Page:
A website for ferry operator DFDS Seaways, www.dfds.com, seen on 4 May 2023, featured a page headed “Ferry Crossings Newcastle – Amsterdam” with text that stated, “From £47 pp one way + car”. A section at the bottom of the page labelled “FAQ” stated, “How much is the ferry from Newcastle to Amsterdam? Our general crossing prices currently start from £47 pp. They are calculated as one-way with 4 people per cabin and car”.
The complainant, who could not find any fares available at the £47 price, challenged whether the claim “From £47” was misleading and could be substantiated.
DFDS A/S t/a DFDS Seaways said the standard disclaimer text that clarified that the advertised per person sale price was based on a one-way trip with car and four people in a cabin had been omitted from the web page because of human error. Since receiving the complaint they had amended the ad to include that information. They said a single one-way ticket was a ticket that included a car space and board in a four-person cabin and that the offer only applied when a cabin for four was booked. They had reviewed the availability of fares across all crossings until December 2023 using those criteria and provided a table to demonstrate the percentage share of available fares in terms of cost per person in that period, and that showed 19% of fares until December 2023 complied with the offer. Their fares operated on a flexible pricing model that took into account availability, demand and the initial advertised price, and consumers could only search for tickets based on departure dates, not on price. However, following the complaint, they said they would test easy-to-read overview tables to help consumers identify travel dates where the advertised price and other fare classes were available.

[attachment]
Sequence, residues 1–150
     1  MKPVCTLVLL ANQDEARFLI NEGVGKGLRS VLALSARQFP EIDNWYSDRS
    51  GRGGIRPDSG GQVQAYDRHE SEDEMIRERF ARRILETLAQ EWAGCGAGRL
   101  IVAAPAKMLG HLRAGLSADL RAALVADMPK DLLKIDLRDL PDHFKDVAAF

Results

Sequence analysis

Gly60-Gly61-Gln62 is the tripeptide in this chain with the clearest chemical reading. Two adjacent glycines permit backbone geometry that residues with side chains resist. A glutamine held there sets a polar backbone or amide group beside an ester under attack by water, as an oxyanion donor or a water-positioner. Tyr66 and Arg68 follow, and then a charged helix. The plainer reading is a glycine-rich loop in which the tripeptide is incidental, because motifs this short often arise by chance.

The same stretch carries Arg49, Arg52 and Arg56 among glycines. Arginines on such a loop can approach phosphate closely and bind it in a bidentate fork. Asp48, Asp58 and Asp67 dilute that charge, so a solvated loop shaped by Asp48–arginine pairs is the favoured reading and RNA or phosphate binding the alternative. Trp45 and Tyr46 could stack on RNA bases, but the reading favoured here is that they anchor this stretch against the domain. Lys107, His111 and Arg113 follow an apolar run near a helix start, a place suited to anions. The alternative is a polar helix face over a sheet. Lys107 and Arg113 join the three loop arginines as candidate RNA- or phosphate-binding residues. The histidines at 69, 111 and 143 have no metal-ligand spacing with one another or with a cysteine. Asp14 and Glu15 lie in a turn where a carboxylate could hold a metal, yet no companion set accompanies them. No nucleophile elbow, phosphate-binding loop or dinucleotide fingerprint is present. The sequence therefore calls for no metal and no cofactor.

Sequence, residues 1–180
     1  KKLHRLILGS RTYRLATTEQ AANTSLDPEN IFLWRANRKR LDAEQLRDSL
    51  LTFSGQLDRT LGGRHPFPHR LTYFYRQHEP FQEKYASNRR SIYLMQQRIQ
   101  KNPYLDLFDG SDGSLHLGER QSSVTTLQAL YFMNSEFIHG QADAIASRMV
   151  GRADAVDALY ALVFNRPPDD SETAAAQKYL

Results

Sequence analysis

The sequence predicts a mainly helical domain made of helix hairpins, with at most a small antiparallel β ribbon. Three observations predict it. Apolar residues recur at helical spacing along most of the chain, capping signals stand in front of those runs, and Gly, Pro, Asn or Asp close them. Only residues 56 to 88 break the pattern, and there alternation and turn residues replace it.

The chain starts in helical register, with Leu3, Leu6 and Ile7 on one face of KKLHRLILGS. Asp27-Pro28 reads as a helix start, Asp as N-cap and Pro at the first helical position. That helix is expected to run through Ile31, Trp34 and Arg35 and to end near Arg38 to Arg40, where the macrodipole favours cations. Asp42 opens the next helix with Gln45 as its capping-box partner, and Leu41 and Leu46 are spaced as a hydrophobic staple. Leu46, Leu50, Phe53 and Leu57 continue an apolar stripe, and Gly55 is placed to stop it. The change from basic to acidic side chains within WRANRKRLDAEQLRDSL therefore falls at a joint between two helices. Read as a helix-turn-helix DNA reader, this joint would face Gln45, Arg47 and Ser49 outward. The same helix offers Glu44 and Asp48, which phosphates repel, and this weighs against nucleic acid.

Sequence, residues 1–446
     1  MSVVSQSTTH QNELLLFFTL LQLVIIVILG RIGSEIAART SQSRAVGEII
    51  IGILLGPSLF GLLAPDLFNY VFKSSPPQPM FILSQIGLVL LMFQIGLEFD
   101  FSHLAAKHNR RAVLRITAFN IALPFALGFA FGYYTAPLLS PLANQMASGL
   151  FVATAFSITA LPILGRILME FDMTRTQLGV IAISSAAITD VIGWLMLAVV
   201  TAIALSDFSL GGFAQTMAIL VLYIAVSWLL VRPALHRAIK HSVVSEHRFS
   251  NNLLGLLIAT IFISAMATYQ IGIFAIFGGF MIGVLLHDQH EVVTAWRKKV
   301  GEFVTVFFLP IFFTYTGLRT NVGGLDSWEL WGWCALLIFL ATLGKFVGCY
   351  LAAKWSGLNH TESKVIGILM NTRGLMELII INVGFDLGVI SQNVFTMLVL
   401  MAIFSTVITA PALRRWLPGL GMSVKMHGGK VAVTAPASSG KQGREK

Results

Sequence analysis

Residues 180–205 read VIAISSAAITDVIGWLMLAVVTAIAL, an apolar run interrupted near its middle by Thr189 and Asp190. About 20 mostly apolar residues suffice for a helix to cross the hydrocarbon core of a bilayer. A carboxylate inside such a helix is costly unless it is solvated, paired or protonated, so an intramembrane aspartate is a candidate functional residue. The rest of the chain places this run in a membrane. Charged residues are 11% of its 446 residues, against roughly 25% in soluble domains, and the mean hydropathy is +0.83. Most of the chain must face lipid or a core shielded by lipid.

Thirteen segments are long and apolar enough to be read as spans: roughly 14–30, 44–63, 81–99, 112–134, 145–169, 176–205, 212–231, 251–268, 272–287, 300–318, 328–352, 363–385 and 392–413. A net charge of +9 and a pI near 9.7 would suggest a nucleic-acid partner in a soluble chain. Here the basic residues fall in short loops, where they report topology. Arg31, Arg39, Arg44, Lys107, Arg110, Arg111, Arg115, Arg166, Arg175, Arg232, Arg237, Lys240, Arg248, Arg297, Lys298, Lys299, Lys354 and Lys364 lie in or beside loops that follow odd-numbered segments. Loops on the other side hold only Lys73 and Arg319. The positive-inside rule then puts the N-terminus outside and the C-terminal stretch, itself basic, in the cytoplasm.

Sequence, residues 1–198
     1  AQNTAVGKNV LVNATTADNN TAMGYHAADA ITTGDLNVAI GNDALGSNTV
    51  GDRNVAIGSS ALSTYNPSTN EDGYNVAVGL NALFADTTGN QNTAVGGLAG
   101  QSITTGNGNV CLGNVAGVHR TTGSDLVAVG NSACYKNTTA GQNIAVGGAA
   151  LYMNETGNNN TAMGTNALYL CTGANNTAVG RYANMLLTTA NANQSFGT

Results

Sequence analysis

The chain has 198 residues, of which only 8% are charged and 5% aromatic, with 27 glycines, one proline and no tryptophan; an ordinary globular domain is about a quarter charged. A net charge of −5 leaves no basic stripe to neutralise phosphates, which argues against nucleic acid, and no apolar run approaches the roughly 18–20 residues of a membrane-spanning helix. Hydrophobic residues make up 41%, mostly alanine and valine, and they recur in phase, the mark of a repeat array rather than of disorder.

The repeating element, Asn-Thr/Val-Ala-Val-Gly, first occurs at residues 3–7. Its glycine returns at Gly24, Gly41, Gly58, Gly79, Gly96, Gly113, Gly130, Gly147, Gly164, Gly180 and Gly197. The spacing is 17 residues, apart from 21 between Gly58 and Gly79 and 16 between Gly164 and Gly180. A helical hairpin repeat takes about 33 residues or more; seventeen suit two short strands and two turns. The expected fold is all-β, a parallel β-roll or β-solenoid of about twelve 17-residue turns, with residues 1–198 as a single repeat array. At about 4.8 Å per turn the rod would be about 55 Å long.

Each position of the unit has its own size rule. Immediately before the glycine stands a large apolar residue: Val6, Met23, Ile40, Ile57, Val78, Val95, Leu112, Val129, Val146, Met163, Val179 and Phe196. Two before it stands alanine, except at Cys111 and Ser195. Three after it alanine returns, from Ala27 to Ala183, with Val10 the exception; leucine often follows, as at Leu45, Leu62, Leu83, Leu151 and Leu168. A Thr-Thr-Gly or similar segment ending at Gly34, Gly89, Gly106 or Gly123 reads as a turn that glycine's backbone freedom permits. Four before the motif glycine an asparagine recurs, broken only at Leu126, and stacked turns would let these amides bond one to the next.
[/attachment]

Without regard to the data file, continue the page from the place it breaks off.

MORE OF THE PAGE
The ASA considered the claim “From £47 pp one way + car” would be understood by consumers as meaning it was possible to purchase a one-way ticket for one person with a car space on the ferry from Newcastle to Amsterdam for £47.00, and a significant number of tickets would be available at that price.
We understood the £47 price for a one-way ticket was only available when four places were booked in a four-person cabin, and was not available as a single fare in and of itself. Text at the bottom of the page stated, “Our general crossing prices currently start from £47 pp. They are calculated as one-way with 4 people per cabin and car”. However, we considered consumers would have only been aware of that qualifying text if they scrolled to the bottom of the page and read the full page of text, which was not necessary in order to search for bookable tickets. The text was, therefore, insufficiently prominent. Furthermore, the text did not make clear the offer only applied when four people booked a cabin, rather than to a single person booking a bed in a four-person cabin.
We welcomed DFDS Seaways’ assurance that they had taken action to amend the ad and were testing tools to help customers navigate to fares at specific price points. However, we considered the qualifying information in the amended ad was still insufficiently prominent and did not make explicitly clear the offer was only applied when a four-person party booked a cabin for four.
As the £47 one-way ticket was only available when booked as part of a four-person cabin, which had not been made sufficiently clear, we therefore concluded the ad was misleading.
The ad breached CAP Code (Edition 12) rules 3.1 (Misleading advertising), 3.9, 3.10 (qualification), 3.17 and 3.22 (prices).
The ad must not appear in the form complained of. We told DFDS A/S t/a DFDS Seaways to ensure their future marketing communications presented qualifying text clearly and prominently.